Why Cats Are Stubborn

It's not easy to win a war of wills with a stubborn feline.
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Compared with dogs, cats can appear indifferent to the humans in their lives -- even plain stubborn. A cat's refusal to heed your instruction may simply be a manifestation of the feline's independent spirit and individual personality.

Cats and Dogs

Most pet owners find it is easier to train their dogs than their cats. Although dogs can be stubborn, too, the dog's history as a pack animal makes it more likely to behave cooperatively. Much dog training focuses on getting your pooch to see you as the leader of the "pack" and striving to gain your acceptance and approval. By contrast, cats are solitary hunters that don't have the same need for your approval as a dog does. Cats are often extremely loving and affectionate, but their emotional relationship to humans is different than that of the unquestioning subservience a dog manifests. To a pack animal like a dog, subservience to the leader is an important survival tactic. Your cat, on the other hand, sees obeying your commands as optional.

Refusal to Come When Called

A common sign of stubbornness in a cat is a refusal to come when called. Cats are independent animals, but for their own safety it is important you train your cat to come when you call its name. Especially if you live by a road, you need to be able to call your cat in for the night. You can train your cat to come when called by always calling its name at feeding time. The cat will come to associate quick response to your calling with food and will have an incentive to come every time you call.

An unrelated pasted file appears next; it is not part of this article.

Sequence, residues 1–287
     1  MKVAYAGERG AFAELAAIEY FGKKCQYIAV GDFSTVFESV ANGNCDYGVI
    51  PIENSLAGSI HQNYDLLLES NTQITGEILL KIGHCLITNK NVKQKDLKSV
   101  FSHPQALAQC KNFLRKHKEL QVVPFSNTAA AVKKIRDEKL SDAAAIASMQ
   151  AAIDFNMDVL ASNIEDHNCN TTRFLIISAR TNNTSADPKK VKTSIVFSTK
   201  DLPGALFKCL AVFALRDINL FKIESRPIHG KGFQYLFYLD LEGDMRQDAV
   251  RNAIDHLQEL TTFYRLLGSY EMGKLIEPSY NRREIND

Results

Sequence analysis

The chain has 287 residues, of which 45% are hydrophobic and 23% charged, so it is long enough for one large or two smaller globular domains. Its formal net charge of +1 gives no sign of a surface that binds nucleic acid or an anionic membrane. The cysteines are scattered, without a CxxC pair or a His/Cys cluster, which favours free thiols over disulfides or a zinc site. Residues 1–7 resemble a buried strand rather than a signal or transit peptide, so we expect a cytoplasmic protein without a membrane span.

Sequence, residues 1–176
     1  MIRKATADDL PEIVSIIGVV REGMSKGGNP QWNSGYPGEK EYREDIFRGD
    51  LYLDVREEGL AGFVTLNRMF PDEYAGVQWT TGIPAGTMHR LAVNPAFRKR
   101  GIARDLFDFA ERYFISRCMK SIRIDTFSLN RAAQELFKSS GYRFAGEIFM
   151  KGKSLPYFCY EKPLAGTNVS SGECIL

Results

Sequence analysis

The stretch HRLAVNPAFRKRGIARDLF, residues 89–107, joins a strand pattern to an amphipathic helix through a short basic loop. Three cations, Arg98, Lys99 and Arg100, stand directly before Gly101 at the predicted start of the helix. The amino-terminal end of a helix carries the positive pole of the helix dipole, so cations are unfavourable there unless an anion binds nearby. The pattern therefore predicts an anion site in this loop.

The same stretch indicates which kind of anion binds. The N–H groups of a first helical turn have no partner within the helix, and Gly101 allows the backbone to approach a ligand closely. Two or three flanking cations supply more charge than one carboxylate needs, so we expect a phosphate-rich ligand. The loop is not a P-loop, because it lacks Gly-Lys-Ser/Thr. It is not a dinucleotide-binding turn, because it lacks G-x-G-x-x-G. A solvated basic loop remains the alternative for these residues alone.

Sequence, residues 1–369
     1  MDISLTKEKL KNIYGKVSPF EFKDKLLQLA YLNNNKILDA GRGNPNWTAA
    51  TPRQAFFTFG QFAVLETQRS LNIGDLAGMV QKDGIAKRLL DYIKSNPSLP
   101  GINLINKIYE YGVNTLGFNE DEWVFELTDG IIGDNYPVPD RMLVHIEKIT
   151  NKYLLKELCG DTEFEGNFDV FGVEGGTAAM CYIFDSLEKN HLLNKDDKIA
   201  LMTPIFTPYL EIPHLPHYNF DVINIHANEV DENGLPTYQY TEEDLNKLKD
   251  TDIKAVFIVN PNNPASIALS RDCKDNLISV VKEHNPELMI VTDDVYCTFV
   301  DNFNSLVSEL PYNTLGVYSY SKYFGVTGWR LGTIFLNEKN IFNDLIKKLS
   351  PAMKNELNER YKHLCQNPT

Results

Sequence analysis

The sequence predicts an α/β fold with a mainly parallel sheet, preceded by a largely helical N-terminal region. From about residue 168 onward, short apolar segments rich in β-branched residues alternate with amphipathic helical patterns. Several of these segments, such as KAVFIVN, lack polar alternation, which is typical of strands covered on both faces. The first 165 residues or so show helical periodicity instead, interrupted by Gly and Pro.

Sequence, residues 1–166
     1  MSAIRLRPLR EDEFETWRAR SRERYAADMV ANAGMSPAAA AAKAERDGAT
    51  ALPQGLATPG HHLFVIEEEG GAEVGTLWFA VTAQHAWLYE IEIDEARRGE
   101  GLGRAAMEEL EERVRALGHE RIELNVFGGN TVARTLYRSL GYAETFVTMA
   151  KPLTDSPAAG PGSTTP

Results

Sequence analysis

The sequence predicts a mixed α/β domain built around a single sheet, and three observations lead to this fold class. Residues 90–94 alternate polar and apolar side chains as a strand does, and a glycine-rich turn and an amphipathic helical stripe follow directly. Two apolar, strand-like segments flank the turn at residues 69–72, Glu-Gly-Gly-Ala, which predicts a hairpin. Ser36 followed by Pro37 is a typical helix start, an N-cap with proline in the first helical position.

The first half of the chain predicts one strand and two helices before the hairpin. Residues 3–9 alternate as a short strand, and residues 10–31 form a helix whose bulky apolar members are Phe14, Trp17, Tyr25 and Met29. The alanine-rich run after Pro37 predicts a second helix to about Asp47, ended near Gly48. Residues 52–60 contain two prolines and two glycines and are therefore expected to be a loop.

Cats like to know their surroundings. Change -- a new baby in the family, the appearance of today's mail on a countertop, or a new bedspread -- may make your cat wary and uncomfortable. She may attempt to control the environment by, for example, knocking the mail from the counter or urinating on the bedspread.

Behavioral Management

Understand the underlying reasons for your cat's stubbornness to make the behavior less aggravating. Most cats are not intrinsically trying to annoy you. Provide the outlets your cat needs for behaviors such as scratching and climbing, but place limits on those behaviors. Make sure your cat knows he can scratch his post but not your leather couch. Don't get angry with your cat, but redirect him to the post every time he scratches your couch. Once he's aware of the post, you can use a deterrent -- for example, a quick squirt with a water pistol -- to stop him from scratching your couch. Never hit or hurt a cat if you are annoyed with his behavior.

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